Paschi Posts Second Straight Loss, Eroding Capital Level

  • Monte Paschi direct funding decreased 28 billion euros in 2016
  • Bank posted 2.53 billion-euro net loss in fourth quarter

Banca Monte dei Paschi di Siena SpA reported a second straight quarterly loss on higher bad-loan provisions as the bank’s liquidity dropped and capital buffers eroded.

The net loss of 2.53 billion euros ($2.7 billion) in the three months through December compares with a loss of 196.6 million euros a year earlier and brings its 2016 loss to 3.38 billion euros, the Siena-based lender said in a statement on Thursday.

Provisions for bad loans rose to 2.45 billion euros while the common equity Tier 1 ratio, a key measure of financial strength, fell to 8 percent from 12 percent at the end of last year, mainly because of the loss for the period, the bank said.

Monte Paschi’s future is uncertain as investors wait for the terms of a rescue plan to emerge after the lender’s plan to raise capital on the market failed. The European Central Bank says the bank must raise 8.8 billion euros to bolster its balance sheet under a precautionary recapitalization plan requested by the Italian lender. Talks are under way on a new business plan that must be approved by European authorities.

“A nationalization is urgent at this point,” said Vanni Lucchelli, a partner at Compagnia Fiduciaria Lombarda SpA in Milan. “The results are alarming.”

Liquidity Drop

Monte Paschi said on Dec. 21 that cash was drying up and that it may run out of liquidity after four months under a stressed scenario. The lender has asked the Treasury for permission to access the Italian bank guarantee program, which allows it to increase liquidity by issuing additional state-guaranteed liabilities. Under the program, the bank last month sold two bonds for a total of 7 billion euros. Monte Paschi lost 87 percent of its market value in 2016 before shares were suspended on Dec. 23.

The liquidity position showed an “unencumbered counterbalancing capacity” of about 7 billion euros at the end of 2016, down by about 17 billion euros from a year ago, because of the difficulties of raising funds on markets, Monte Paschi said.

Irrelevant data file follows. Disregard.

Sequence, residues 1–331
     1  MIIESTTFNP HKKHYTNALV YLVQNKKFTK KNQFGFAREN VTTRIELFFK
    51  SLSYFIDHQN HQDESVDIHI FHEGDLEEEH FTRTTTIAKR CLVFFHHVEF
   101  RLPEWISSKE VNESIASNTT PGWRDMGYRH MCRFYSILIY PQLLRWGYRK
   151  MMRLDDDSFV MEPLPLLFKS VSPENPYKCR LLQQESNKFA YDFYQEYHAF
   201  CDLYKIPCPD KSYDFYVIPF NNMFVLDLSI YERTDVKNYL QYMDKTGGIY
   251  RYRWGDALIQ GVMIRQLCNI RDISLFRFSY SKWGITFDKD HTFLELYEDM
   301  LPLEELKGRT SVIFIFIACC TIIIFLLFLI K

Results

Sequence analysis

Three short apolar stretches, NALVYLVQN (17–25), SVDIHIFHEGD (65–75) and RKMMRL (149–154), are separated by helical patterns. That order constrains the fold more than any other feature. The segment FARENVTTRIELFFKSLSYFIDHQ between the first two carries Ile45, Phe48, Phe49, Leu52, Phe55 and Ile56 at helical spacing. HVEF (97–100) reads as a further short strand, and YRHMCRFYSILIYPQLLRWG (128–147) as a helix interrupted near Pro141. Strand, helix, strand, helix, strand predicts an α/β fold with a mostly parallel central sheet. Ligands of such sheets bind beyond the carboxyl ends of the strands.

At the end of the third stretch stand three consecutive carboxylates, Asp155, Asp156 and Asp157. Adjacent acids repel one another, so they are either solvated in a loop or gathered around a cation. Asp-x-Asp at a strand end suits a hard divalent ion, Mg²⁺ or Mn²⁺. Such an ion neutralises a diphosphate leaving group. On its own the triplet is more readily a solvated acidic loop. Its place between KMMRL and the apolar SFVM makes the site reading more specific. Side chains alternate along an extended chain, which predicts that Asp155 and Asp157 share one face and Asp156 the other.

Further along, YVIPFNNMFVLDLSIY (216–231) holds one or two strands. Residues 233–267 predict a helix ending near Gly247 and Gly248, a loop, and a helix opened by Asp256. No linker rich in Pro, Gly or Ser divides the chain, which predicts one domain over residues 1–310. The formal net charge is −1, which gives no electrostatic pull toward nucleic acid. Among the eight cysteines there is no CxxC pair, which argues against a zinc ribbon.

Direct funding at the end of December declined 14.7 billion euros from a year earlier to about 105 billion euros. “This downward trend is impacted by the commercial funding decrease of about 28 billion euros, mainly as a result of tensions related to the negative results of the stress tests and of the unsuccessful market recapitalization transaction,” Monte Paschi said. It recorded a decrease in current accounts, deposits and bonds.

“All of Monte Paschi’s problems and the concerns about the bank’s survival led to a downward spiral of self-fulfilling expectations that generated a bank run and liquidity squeeze,” said Fabrizio Spagna, managing director at Axia Financial Research in Padua, Italy.

Italy Rescue

Undermined by derivatives deals that hid losses, Monte Paschi has received 4 billion euros in taxpayer-funded bailouts, which it has repaid, and 8 billion euros from investors since 2009. The lender must raise capital to help cover expected losses when it sells non-performing loans on its books.

After Paschi failed to raise funds on the market, it has become the centerpiece of a 20 billion-euro rescue plan for Italian banks. It’s the country’s biggest intervention since Benito Mussolini seized banks in 1933 -- including Paschi -- as part of his wholesale nationalization of the private sector.

Italy’s banks are struggling under the weight of a 360 billion-euro mountain of bad loans, a plight that has eroded profitability and undermined investor confidence. The nationalization of Monte Paschi could be followed by rescues for lenders including Veneto Banca SpA and Banca Popolare di Vicenza as part of the government package.

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